The birthplace of hip Britain? 1950’s cafés take a bow

17 08 2010

Our society is becoming ever more isolated as the young lock themselves away playing with their PCs, Nintendo DS, Wii, X-Box , communicating via social media sites, instant messages and text. I wondered what entertainment the youth of the 1950’s or early 1960’s may have turned to.

A few clicks on the all knowledgable net, and I learnt that post war teenagers were bored as much as the youth today. That’s until the emergence of “self-service café’s”, which had not existed before.

These self service cafes were also critical in incubating the arts and cultural movement now called “the Swinging Sixties” in the UK. Think Swinging London and you quickly recall the creativity, innovation and success led by celebrities such as Mick Jaggar and all the Rolling Stones, Mary Quant, Zandra Rhodes, Twiggy, David Bailey, Tommy Docherty, Cliff Richard and the thousands of other names too many to list here. Where did all these people network and meet to hatch new schemes?

Back in the early1950’s the role of local coffee and snack bars was still hazy. Have you ever considered who were the fore-runners to the now multi-national coffee chains that now dominate our high streets? What was their role in society and what influence did it play in our nation’s history? Did you know that the first coffee shop in London, UK was opened in 1652 and was called “Jacob at the Angel” in St Peter, East London? Not surprisingly the design and the role of the coffee shop or café have changed many times since those days.

In between the first and second world war a new spirit for informality in eating practice sprung up – and the first sandwich bar was opened in 1933, called Sandy’s Oxendon St, London. Prior to the second world war the youth of Britain had bars, pubs, a few tea rooms – but were typically dull venues used mainly by travellers, serious drinkers or working class men. The war years certainly changed the image and customer profile for pubs but post war an even more important venue was born – the Café and snack bar.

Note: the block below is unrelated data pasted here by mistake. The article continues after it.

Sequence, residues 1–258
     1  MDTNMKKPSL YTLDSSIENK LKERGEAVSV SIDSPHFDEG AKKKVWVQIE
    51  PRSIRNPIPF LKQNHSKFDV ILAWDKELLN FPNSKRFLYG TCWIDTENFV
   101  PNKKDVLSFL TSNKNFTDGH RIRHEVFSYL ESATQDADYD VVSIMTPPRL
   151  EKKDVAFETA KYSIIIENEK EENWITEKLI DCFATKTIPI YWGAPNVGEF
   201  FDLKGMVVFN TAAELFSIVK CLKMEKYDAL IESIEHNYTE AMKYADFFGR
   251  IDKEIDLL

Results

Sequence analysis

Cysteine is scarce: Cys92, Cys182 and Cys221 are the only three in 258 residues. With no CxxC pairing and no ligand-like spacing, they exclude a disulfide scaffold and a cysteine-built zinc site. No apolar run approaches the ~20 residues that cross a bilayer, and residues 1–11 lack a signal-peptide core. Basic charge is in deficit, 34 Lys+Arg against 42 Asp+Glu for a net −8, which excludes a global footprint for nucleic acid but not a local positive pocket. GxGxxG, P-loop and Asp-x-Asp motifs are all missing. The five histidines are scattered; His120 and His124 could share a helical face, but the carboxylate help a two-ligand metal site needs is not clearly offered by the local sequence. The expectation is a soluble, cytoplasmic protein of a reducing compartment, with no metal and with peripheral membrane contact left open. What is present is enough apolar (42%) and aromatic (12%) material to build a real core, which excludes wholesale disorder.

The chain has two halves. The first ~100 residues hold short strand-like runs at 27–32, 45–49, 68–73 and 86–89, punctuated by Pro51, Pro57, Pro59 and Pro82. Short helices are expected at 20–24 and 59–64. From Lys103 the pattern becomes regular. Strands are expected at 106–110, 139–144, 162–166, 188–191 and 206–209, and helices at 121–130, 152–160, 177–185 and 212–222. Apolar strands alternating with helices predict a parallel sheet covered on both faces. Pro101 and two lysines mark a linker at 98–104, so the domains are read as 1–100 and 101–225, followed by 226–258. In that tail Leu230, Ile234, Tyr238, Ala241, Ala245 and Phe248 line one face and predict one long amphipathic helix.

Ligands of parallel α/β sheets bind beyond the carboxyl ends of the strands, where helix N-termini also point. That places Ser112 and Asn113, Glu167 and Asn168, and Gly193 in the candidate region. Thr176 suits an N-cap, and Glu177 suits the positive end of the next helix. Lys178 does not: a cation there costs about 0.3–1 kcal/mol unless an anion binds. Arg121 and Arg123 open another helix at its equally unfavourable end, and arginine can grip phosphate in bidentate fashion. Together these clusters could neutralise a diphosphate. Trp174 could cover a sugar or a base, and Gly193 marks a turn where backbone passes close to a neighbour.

There were few nightclubs and venues for the young and lower and middle classes, and so with the advent of the Italian immigrant moving to the UK and opening their style of café, the face of the greasy spoon was changed forever. An influx of Italian families building on their homeland knowledge and catering skills settled in Clerkenwell (Little Italy) and the new style café was born. Their
style soon spread West to Soho and eventually expanded all over the capital and the country.

By 1953 coffee bars were springing up all over Soho. The first was “The Moka espresso bar” at 29 Frith St. opened by Gina Lollabrigida, it became the model for many classic “Formica” cafes to come. Suddenly the youth of that time had an interesting place to hang out, socialize and make new friends. They became the location to be seen.

One such location was the Mayfair Café, Chase side, near Southgate Tube Station, N14, in north London that became an instant hit and popular with local youth. Sporting celebrities of that era: the players and manager of Arsenal football club regularly popped in – as their practice pitch was nearby. TV/film studios also spilled out their writers, producers, actors/actresses and other staff to enjoy this new style venue. The café attracted rock n’ rollers (mods and rockers), beatnik baby boomers and a whole new post-war set of beautiful people. It should be noted that in mid 1960’s 40% of the UK population were under 25 years old so the desire to secure and establish social meetings places was high. Certainly the Mayfair snack and café was one of the early self-service style cafés where young and old could order sandwiches/toast or tea and experience the new style strong Italian café. Nevertheless, this being post war Britain, a lot of tea was still being ordered and consumed.

Original entrepreneur and business owners, were an English couple who also managed restaurants and other businesses. To increase the appeal of their café, it’s no surprise that they instantly offered my mother a job: Beautiful 18 year old Italian girl, dead ringer for Natalie Wood, sporting those wonderful 50’s A line skirts and dresses and a speedy snack preparer/cook and conscientious worker to boot. She certainly added street cred to the English owned snack bar together with the slightly older Italian manageress.

The café was open 6 days a week from 8.45 am – 6.30 pm. A long day for those working but local youths complained the hours were not long enough. Once these cafés were shut, there was no where else to go other than pubs or expensive dance halls.